Where would you expect a show about the history of desmodromic valve actuation to take place if not Bologna? But Ducati wasn’t the driving force behind this comprehensive, well-managed initiative; rather, it was put together by one man: Dr. Gigi Mengoli.
Sure, Mengoli still is in a top position at Ducati, being chief project engineer and manager of design for production engines. But he did this show on his own because he loves the desmo concept and wanted to pay homage to all who contributed to its evolution—from the men at Peugeot who built the L76 four-cylinder based on the engine that won the 1912 Indianapolis 500 to the 2.5-liter Mercedes W196 inline-Eight by Daimler-Benz Chief Project Engineer Rudolf Uhlenhaut that dominated Formula One in 1954 and ’55 to the works of the great Dr. Fabio Taglioni, Mengoli’s teacher and inspiration.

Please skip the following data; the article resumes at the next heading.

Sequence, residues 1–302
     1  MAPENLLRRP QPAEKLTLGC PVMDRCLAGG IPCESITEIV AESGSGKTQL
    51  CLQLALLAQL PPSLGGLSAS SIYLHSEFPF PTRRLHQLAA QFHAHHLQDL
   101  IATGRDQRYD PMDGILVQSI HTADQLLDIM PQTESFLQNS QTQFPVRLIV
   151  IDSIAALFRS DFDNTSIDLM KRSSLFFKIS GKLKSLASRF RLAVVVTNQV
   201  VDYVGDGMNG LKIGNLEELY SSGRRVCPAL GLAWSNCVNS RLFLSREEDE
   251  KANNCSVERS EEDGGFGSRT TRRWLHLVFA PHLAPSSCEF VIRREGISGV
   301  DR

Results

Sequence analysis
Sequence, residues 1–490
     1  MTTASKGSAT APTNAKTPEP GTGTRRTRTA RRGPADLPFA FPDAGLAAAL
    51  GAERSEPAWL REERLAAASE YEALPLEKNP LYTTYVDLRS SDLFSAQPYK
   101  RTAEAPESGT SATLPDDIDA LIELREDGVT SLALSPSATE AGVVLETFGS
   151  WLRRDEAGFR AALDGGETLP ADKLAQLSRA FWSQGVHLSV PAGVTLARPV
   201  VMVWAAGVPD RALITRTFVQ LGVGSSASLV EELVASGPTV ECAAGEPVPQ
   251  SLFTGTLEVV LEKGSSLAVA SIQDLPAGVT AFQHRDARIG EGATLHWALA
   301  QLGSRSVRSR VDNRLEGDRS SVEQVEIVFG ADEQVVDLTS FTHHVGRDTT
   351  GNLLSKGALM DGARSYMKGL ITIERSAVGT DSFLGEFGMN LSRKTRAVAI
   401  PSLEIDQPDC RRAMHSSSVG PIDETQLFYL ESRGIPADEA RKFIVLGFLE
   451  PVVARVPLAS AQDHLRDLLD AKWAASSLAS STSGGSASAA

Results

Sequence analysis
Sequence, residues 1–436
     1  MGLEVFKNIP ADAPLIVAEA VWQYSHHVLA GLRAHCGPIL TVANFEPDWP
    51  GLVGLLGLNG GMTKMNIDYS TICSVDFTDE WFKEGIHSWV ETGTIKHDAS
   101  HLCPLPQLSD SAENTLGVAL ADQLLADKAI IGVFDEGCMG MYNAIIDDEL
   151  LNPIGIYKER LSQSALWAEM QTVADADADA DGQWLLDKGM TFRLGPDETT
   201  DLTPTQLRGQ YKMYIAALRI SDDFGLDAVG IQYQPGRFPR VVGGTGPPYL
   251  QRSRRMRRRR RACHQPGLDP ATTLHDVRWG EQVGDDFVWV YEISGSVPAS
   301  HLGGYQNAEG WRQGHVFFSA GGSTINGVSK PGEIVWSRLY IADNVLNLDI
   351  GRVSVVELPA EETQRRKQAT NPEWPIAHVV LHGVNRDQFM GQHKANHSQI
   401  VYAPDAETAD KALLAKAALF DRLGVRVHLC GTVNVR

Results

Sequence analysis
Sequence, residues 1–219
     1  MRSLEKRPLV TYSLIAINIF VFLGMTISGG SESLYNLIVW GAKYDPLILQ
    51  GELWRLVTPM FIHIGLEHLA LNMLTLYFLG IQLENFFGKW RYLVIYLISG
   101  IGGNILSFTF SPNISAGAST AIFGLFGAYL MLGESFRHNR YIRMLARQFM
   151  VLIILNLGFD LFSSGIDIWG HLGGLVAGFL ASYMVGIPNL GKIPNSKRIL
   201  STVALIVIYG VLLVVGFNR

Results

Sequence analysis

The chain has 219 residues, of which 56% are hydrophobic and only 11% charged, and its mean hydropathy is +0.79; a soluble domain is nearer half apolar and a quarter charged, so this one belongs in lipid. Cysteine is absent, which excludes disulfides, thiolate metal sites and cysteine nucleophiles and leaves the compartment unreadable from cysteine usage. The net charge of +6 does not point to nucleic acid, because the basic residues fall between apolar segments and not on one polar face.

Mengoli contacted every company that, at various levels, had something to do with desmodromic valve-actuation systems, and most responded enthusiastically. Not all, though: Cosworth ignored Mengoli’s call, yet I know the British outfit had desmo DFV/DFY F-1 V-Eight mules.
A big help came from Henk Cloosterman, a Dutch engineer and enthusiast who has collected 870 desmo documents, patents and models. Incredible! There were other surprises, too, such as a Ferrari V-12 cylinder head with five radial desmo valves per cylinder, and a pair of Toyota Singles, otherwise identical except one had pneumatic valves and the other had desmo valves to compare ultimate potential. The desmo won.
This history of desmodromic valve actuation is on display in a country school turned into a museum in the little village of Prunaro on the eastern outskirts of Bologna. The show will be open on weekends until early November.